The theology of the Persecuted Church is a theology of martyrdom. The context of persecution is a constantly present formational factor in Pentecostalism worldwide, and as such it is a universal characteristic of the movement. Only as such can Pentecostalism act in its God-given prophetic authority. In the same prophetic power in which John prophesies of the coming Baptiser with the Holy Spirit, the Early Pentecostals preached about the Fire from Heaven prior to the actual experience of the Holy Spirit baptism. The message of the movement then becomes a prophetic utterance under which the movement grows and develops to the point of fulfillment of the promise given by God.

Arrest and Imprisonment of Rev. Ivan Voronaev (1930)

July 10, 2014 by  
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51Sa1IcA8OL._SY344_PJlook-inside-v2,TopRight,1,0_SH20_BO1,204,203,200_[1]The (un)Forgotten: Story of the Voronaev Children
Missions & Intercultural Studies
Dony K. Donev, D. Min.

Presented at the 40th Annual Meeting of the Society for Pentecostal Studies

The enormity of the movement could not be left unnoticed by the Bolsheviks. After crashing every form of organized life in Russia, sentencing for life in the death camps of Gulag or simply shooting on the spot every leader and visionary of freedom, the atheistic government turned to the only organization apart from the Communist party that could still gather thousands of people – the Christian Church. The persecution of evangelicals was ordered from the very top and began with a full force.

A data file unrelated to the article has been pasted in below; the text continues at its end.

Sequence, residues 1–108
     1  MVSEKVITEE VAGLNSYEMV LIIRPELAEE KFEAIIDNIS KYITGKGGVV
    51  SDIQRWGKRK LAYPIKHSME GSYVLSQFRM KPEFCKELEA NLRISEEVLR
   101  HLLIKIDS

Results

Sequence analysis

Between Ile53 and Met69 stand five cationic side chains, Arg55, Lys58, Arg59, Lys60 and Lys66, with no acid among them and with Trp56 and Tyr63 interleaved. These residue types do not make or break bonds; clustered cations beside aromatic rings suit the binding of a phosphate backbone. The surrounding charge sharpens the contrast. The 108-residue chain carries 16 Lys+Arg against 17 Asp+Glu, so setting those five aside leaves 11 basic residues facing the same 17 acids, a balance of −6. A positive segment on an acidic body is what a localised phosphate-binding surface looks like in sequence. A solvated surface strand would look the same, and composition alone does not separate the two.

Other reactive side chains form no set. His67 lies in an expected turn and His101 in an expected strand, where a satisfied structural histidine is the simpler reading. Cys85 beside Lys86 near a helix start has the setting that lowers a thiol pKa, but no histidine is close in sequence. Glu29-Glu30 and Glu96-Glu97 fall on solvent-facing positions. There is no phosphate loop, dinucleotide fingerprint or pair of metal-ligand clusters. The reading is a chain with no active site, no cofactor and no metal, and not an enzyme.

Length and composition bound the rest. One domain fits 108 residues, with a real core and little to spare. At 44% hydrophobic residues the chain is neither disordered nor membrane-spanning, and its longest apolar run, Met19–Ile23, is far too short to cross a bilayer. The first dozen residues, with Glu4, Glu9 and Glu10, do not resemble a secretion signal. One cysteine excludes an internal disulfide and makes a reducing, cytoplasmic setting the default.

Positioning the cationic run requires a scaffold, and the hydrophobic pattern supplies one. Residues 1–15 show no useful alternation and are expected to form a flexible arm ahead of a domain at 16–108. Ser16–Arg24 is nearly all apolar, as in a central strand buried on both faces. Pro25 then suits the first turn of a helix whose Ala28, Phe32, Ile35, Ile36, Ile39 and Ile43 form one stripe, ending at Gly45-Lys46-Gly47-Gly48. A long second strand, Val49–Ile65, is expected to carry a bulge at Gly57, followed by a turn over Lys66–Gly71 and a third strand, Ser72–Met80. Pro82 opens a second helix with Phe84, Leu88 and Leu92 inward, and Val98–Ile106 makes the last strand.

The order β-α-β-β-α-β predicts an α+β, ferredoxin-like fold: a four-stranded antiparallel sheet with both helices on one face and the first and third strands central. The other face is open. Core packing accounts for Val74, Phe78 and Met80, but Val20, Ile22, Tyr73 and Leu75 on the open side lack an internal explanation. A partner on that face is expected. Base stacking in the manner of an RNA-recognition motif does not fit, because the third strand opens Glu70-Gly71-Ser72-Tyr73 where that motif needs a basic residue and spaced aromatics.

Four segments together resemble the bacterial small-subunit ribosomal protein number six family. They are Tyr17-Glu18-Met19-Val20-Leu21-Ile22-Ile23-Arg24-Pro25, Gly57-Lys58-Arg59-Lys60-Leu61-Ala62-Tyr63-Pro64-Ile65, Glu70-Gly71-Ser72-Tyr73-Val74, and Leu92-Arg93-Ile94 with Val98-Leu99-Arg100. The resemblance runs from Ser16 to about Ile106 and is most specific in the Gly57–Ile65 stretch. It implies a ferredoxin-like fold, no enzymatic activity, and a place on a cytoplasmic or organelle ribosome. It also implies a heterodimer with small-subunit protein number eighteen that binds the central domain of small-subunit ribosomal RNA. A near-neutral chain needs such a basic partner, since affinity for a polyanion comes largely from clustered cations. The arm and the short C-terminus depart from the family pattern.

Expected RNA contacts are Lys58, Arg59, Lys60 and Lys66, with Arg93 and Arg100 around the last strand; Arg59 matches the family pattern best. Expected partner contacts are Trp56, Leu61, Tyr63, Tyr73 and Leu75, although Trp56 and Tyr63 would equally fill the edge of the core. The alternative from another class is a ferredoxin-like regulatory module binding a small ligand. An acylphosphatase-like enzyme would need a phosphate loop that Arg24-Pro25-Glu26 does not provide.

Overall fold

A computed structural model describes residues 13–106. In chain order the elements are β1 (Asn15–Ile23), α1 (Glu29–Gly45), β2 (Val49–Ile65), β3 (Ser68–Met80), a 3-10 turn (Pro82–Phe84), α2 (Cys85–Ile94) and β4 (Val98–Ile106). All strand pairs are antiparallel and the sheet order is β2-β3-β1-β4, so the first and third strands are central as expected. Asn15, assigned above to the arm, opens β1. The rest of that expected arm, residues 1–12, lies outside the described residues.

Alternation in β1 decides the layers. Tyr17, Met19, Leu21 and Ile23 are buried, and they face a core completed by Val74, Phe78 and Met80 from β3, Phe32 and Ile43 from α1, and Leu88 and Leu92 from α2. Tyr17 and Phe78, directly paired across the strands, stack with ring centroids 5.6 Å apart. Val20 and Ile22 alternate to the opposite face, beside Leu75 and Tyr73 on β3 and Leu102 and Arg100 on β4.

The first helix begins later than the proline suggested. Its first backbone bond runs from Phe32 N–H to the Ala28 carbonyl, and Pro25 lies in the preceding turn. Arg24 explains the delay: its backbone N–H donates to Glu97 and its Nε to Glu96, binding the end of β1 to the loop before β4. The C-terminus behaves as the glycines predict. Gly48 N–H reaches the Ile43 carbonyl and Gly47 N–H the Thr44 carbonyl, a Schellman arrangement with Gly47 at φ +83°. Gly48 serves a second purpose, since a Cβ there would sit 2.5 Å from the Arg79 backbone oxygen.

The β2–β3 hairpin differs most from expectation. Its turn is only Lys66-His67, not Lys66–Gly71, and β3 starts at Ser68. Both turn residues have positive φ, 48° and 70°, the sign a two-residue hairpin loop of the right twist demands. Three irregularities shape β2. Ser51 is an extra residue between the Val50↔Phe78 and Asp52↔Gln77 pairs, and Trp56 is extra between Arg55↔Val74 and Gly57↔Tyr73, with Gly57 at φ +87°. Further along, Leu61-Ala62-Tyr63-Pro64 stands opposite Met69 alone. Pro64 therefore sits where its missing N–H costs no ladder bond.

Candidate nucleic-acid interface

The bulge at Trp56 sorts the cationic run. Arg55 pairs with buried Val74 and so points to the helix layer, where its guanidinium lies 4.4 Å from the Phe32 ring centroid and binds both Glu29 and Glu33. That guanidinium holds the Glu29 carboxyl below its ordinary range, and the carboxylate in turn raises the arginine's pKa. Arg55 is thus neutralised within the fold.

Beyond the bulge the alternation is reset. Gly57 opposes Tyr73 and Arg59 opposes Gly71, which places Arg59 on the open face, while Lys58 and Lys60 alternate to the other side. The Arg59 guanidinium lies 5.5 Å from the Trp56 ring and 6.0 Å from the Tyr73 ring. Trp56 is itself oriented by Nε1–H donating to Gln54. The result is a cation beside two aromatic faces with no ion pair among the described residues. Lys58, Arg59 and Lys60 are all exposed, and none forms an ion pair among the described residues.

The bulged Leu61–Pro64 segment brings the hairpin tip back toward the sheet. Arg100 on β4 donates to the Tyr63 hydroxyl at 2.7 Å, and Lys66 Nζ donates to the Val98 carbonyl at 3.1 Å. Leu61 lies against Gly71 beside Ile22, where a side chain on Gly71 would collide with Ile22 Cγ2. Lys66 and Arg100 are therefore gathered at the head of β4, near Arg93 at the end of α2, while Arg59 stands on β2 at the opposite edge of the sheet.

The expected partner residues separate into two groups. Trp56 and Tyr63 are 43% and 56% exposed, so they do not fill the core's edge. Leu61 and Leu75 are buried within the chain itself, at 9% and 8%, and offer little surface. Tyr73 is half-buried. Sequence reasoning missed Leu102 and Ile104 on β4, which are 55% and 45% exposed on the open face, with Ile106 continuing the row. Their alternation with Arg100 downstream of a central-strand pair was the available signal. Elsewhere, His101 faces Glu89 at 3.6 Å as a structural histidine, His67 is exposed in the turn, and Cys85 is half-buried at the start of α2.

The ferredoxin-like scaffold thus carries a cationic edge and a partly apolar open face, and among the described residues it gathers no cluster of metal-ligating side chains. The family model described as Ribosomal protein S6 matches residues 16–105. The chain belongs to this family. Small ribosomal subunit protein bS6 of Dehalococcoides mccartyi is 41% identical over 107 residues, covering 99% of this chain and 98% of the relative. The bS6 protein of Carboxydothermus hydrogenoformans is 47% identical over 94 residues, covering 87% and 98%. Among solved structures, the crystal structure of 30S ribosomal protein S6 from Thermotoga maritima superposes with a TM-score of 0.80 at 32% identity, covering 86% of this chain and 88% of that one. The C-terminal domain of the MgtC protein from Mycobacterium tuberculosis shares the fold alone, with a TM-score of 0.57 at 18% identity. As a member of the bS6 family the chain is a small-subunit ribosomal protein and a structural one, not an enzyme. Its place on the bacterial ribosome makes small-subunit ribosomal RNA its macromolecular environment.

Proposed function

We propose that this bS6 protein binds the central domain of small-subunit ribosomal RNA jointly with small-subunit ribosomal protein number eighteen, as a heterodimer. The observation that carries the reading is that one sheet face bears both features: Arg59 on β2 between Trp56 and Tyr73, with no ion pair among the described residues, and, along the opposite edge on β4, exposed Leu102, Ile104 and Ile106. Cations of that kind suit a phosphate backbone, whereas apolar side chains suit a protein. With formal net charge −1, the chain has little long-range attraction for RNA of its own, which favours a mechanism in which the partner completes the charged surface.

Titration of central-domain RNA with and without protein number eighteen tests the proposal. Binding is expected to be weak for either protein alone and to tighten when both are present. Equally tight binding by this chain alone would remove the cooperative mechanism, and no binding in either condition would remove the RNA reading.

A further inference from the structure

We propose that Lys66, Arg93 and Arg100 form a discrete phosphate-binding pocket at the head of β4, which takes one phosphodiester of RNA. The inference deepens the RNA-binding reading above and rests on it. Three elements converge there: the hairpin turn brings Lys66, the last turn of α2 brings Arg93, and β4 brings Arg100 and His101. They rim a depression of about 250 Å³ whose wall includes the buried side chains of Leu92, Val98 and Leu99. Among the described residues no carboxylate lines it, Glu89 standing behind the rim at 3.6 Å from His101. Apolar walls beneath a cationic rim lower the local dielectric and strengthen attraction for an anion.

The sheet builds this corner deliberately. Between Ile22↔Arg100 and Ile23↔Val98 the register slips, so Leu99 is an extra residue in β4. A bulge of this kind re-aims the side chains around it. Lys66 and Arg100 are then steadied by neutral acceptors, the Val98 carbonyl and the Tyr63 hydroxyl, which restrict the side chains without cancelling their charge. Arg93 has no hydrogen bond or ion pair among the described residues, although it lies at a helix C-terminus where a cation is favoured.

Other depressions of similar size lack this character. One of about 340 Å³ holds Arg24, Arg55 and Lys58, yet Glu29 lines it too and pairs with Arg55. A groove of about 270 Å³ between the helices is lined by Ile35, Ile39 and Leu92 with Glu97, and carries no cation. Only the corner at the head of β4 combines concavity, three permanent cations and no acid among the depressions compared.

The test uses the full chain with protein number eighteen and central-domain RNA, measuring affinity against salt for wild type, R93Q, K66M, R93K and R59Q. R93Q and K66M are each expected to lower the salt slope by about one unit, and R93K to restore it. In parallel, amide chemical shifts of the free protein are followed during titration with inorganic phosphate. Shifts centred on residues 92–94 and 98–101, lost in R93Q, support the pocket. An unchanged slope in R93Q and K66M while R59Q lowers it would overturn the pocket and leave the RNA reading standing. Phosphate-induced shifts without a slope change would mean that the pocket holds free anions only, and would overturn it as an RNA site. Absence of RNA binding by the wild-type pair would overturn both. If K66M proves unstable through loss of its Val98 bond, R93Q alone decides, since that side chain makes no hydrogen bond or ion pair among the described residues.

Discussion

First, in the winter of 1929, the Voronaevs were thrown on the street from their home on 22 Jukovskaya Str. and the father was constantly called and harassed by the Communist police. As soon as a friend took them in his home at 8 Arteoma Str., Ivan was arrested and beaten severely.

Over 800 Russian pastors were arrested and imprisoned in 1930. Some of Voronaev’s closest coworkers, among which B.R. Koltovich, were also taken away by the KGB and Ivan knew his turn was coming soon. His son Paul recalls him praying and “…. pleading with God for days for strength and courage…. Then it happened. It was a cold winter night, we were asleep. It was after the midnight hour. We were rudely awakened by a pounding at the door and someone calling with a loud voice, “Open the door, in the name of the law.”